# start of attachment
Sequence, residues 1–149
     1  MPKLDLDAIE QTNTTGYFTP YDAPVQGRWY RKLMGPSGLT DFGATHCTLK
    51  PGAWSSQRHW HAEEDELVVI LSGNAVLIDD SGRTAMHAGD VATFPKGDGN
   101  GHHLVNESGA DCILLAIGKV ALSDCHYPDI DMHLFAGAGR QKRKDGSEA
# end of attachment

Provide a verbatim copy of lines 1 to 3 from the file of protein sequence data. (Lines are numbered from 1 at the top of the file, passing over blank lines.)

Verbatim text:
Sequence, residues 1–149
     1  MPKLDLDAIE QTNTTGYFTP YDAPVQGRWY RKLMGPSGLT DFGATHCTLK
    51  PGAWSSQRHW HAEEDELVVI LSGNAVLIDD SGRTAMHAGD VATFPKGDGN